After First 9 Months of 2013, Holden Volt and Nissan LEAF Sales Total Only 207 in Australia

4 years ago by Mark Kane 21

Or Maybe Just Relax For a Bit First

Lazy EV sales

Holden Volt Gets A Charge

Holden Volt Gets A Charge

Australia is big country, but in terms of electric vehicle sales, Australia almost does not exist.

After the first 9 months of 2013, Nissan doubled its LEAF sales there compared to 2012, which sounds great, but when we see that the increase is from just 64 LEAFs (first 9 months of 2012) to 118, our enthusiasm disappears. In Australia, LEAFs starts from $39,990.

General Motors claims its Holden Volt sales are growing even faster – at an infinite pace – from 0 (first 9 months of 2012) to 89 units of Holden Volt.  The price of the Holden Volt is set at a reasonable $59,990 AUS (1 AUS$ = $1.07 USD).   Yes, that’s nearly $60,000.

In total, 207 electric vehicles were sold in Australia in the first 9 months of 2013.  That works out to 23 units a month.

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21 responses to "After First 9 Months of 2013, Holden Volt and Nissan LEAF Sales Total Only 207 in Australia"

  1. kdawg says:

    Population of Australia = 22.7 million
    Population of USA = 314 million
    ::Australia has 7.2% of the US population

    After 9 months, plug in sales in the US equaled 9,685 vehicles
    7.2% of that is 700 vehicles

    So yes, Australia is behind the US, 207 vs 700.

    Question: How much does an ICE car similar to the Volt cost in Australia? Basically what kind of premium are they paying for a plug-in car, and are there any government credits?

    1. Mark Kane says:

      9,685 vehicles after 9 months?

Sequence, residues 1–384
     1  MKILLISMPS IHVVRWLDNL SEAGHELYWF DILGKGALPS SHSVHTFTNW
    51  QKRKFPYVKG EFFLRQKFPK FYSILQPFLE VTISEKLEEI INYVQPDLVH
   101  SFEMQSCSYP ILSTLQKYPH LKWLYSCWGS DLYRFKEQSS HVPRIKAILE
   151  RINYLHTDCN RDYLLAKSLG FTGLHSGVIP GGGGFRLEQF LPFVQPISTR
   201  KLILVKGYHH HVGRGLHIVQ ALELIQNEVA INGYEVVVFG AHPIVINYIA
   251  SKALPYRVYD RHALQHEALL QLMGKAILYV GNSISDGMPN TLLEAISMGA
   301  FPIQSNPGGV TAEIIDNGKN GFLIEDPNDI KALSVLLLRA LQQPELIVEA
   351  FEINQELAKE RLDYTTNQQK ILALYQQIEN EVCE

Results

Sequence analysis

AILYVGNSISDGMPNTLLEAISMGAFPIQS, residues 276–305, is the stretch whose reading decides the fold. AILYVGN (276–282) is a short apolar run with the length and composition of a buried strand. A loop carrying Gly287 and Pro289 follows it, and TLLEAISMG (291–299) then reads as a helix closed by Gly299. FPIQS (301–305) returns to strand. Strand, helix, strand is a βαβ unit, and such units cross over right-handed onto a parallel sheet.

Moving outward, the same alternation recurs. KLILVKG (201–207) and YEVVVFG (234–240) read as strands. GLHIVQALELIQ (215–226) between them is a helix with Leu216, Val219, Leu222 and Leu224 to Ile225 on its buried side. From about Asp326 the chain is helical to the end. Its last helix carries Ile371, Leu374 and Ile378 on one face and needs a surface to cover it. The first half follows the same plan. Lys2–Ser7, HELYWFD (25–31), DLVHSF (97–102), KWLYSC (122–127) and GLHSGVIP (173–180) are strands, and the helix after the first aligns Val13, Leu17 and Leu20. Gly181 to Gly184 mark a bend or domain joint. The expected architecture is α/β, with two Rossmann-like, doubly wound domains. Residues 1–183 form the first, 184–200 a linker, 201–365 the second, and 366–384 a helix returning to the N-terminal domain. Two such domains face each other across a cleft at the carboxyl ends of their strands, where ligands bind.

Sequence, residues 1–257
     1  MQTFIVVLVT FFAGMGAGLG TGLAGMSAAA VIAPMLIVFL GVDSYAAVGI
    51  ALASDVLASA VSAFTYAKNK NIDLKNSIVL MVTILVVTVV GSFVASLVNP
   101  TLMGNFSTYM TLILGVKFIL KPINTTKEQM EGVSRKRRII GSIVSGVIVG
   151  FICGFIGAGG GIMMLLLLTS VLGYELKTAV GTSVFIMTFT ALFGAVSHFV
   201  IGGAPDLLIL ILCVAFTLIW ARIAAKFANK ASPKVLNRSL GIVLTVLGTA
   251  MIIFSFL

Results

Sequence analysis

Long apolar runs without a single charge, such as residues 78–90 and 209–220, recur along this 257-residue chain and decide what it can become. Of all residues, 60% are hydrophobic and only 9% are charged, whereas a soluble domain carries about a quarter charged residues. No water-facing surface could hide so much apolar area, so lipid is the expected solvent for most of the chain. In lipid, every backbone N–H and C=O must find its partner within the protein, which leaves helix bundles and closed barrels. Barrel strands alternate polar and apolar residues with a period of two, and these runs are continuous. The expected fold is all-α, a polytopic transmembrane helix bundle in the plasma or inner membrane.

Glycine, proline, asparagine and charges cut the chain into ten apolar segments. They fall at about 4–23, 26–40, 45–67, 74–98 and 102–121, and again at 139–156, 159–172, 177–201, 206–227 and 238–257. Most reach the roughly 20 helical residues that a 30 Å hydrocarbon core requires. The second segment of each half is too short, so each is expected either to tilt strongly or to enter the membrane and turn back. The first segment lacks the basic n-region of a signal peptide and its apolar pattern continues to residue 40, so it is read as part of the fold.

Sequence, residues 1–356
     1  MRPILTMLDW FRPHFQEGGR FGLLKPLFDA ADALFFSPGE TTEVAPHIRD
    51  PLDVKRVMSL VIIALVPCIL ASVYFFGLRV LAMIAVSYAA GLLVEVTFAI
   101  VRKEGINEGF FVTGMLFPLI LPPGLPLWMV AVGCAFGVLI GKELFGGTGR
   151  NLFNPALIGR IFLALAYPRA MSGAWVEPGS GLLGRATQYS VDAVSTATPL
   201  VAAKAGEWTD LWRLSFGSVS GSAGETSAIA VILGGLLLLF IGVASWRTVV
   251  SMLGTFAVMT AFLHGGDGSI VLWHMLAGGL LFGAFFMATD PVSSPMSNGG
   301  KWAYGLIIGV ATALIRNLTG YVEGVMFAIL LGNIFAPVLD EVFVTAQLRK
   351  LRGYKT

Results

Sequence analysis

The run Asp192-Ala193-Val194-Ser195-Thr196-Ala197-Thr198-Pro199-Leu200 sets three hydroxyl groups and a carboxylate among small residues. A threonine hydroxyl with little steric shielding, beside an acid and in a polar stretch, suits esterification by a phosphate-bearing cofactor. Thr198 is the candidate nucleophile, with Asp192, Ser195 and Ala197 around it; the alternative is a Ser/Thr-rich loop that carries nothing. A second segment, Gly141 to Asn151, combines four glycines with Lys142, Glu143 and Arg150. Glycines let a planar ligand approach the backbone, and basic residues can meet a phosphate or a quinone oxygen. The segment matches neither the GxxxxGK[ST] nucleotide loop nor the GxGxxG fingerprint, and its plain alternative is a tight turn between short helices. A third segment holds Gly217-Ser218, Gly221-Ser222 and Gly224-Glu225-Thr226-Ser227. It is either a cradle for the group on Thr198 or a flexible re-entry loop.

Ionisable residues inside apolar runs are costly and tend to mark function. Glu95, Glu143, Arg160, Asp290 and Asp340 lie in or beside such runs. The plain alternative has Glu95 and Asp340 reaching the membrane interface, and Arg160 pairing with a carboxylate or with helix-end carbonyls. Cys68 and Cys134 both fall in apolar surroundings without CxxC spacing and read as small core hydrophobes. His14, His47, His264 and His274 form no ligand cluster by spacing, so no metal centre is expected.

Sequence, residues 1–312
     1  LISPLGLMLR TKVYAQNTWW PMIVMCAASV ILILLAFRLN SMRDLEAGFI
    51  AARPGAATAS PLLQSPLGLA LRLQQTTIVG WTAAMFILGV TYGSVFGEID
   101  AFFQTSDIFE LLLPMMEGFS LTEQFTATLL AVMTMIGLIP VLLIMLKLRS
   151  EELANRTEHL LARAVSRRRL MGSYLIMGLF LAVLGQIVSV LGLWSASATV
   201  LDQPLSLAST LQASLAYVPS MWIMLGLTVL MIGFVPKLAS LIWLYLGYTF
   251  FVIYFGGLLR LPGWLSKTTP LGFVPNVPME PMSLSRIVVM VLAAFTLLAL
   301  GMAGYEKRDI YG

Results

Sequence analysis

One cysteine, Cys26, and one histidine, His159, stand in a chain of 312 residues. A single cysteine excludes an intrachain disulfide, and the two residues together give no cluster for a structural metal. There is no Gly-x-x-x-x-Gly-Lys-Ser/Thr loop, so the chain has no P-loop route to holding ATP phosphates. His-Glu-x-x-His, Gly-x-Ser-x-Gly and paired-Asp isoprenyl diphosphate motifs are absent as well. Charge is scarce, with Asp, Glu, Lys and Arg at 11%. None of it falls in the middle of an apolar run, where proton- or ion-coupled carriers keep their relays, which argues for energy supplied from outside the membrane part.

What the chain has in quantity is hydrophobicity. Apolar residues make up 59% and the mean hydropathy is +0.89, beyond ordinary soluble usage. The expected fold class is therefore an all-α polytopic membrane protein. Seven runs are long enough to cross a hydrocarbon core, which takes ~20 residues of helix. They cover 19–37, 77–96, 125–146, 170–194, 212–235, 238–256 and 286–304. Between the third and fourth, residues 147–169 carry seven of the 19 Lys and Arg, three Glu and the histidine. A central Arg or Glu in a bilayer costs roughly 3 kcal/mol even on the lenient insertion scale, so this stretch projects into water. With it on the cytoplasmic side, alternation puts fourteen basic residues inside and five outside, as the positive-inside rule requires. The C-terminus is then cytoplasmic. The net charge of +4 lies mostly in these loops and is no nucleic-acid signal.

1. kdawg says:

        Dec 2010 through Aug 2011 were the first 9 months of sales for the Leaf & Volt in the US.

        Technically the Leaf was on sale in Australia in June 2012, so it has been available for more than 9 months, but it was Dec 2012 when its price was dropped significantly and again in May of this year. (I don’t know why prices are so high in Australia).

    2. Bloggin says:

      For comparison, the ICE Focus SE hatch is $18,995 in AU and $18,625 in the US.

    3. alainl007 says:

      Hi there,

      After First 9 Months of 2013 USA 66.862 + (october 9.661) = YTD 76.523
      After First 9 Months of 2013 AUS 207

      Good road with EV.

  2. Matt says:

    Those prices in US$ or AUS$?

    1. Mark Kane says:


  3. Spec9 says:

    Protectionism and no incentives for EVs means poor sales. And with the Abbot government, I doubt things will get better for EVs. 🙁

  4. Robbie says:

    I’m an Australian and I live in Brisbane.

    Since the leaf and volt were released I was very interested in purchasing one of them. I have been very disappointed by the pricing. These are great cars but I just could not justify the price premium to actually buy one.

    For example last month I bought a Volkswagen Golf mark 7 comfort line with 7 speed dsg for $28990 AUD. The leaf would have cost $39990 drive away. The volt is so outrageously priced I could not even consider it seriously.

    People like to blame the government for this situation…I don’t, I blame the australian distributors of nissan and holden for giving themselves too much fat on the price and a sort of reluctance to explain to the benefits of these cars to consumers.

    Some government departments have purchased these cars (like Brisbane city council). I’m thinking that after their leases expire these cars might be affordable in the second hand market. A leaf would be a perfect second car.

    1. Jesse Gurr says:

      I’m curious, how much is gas there and how much is electricity? I wonder if the cost benefit isn’t there.

      1. Malcolm Scott says:


        Gas is about $1.50 ltr AUD, so about $6.40 US/gal